Light illuminates the neck and shoulders of a woman looking down at the figure of Christ kneeling on the ground. The Pharisees had brought to Christ a woman caught in the act of committing adultery. When they asked whether she should be stoned, he stooped down and began to write with his finger on the ground. When they continued to ask, Christ said, "He that is without sin among you, let him first cast a stone at her." The male accusers watch with varying expressions; some absorb Christ's words, while others recollect their own transgressions.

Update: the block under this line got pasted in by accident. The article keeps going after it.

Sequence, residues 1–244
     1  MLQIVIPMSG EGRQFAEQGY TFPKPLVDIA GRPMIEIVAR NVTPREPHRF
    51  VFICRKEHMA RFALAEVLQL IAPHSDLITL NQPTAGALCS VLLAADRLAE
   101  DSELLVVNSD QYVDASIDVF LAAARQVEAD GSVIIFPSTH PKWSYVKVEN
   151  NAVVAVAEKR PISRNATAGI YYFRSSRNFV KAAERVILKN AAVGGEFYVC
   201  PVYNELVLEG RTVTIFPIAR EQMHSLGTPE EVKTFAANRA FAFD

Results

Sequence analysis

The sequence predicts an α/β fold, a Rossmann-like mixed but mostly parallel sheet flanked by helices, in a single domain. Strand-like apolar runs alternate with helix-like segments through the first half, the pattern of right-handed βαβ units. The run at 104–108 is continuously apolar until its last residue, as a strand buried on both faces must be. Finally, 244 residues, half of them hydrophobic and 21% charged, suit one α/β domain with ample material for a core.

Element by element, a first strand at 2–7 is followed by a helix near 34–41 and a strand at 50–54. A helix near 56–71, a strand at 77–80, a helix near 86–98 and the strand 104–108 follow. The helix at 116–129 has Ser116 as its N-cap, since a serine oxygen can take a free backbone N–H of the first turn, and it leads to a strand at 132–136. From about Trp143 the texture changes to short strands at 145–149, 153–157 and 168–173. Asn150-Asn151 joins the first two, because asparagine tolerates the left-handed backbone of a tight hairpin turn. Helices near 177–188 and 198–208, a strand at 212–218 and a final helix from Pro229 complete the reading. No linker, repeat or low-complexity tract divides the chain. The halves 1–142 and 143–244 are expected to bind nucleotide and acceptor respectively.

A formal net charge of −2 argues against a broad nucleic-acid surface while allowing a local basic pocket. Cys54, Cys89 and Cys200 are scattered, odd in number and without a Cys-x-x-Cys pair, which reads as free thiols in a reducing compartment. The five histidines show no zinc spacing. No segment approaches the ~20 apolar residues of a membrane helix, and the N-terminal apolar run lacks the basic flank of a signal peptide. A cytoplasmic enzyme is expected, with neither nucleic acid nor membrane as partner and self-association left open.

Profoundly influenced by Caravaggio's realism and dramatic lighting, Valentin de Boulogne used light and shadow and a shallow frieze-like arrangement of figures to convey the scene's emotion. Figures fade into the dark background, while faces, hands, and even a knee emerge from the dimness. The figures are highly individualized, especially the old man at the right who holds his glasses firmly to his nose in order to see better and the elderly man with the weathered face and scraggly hair who holds his cape back against his shoulder. For this biblical narrative, Boulogne used contemporary, working-class people as models, a practice initiated by Caravaggio at the turn of the century.